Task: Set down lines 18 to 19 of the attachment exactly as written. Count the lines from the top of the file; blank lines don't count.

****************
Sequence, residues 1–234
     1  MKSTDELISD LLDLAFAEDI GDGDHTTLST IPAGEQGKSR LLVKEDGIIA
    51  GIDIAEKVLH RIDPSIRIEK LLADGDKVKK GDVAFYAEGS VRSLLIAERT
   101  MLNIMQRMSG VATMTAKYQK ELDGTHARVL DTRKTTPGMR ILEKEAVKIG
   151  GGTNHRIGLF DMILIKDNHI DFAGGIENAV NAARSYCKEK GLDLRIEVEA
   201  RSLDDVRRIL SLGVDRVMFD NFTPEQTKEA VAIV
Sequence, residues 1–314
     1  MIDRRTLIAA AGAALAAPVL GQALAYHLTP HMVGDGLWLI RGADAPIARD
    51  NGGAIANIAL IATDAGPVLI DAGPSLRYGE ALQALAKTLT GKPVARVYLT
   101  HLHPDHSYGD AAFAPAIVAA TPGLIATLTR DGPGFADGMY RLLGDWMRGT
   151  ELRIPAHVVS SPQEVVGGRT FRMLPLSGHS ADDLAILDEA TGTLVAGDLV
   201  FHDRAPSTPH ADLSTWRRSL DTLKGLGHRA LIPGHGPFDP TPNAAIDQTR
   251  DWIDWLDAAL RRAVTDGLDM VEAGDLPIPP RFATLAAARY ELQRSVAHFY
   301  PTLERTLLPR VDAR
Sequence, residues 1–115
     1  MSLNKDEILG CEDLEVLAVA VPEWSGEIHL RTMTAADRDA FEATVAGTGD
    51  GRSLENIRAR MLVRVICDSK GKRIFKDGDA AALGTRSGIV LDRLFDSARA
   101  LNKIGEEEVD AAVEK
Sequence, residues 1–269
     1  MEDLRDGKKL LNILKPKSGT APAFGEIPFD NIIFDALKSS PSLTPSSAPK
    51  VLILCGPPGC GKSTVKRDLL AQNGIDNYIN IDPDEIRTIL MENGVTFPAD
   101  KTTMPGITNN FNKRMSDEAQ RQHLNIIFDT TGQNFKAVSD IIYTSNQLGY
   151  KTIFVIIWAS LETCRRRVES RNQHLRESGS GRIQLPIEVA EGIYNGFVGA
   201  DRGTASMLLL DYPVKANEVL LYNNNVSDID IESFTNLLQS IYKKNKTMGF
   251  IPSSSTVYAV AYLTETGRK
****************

   101  LNKIGEEEVD AAVEK
Sequence, residues 1–269